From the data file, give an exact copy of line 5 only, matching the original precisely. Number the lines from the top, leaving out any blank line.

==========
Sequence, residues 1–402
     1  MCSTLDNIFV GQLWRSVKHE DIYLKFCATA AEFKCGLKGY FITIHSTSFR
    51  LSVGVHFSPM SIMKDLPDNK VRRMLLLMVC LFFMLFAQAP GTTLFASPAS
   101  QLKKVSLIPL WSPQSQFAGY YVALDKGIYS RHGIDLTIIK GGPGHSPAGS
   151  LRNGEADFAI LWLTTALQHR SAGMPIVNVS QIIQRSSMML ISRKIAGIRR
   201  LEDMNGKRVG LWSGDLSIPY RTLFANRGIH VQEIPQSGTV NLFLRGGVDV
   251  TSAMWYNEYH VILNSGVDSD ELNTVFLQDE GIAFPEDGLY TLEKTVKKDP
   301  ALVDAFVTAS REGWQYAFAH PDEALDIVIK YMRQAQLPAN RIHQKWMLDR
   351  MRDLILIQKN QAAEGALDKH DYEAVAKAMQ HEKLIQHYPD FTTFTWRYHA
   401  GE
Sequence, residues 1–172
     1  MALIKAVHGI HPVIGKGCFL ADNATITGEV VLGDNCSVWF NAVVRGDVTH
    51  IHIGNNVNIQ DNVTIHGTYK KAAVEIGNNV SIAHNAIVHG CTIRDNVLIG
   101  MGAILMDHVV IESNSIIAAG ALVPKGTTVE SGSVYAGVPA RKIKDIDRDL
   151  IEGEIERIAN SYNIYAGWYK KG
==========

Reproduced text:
   151  LRNGEADFAI LWLTTALQHR SAGMPIVNVS QIIQRSSMML ISRKIAGIRR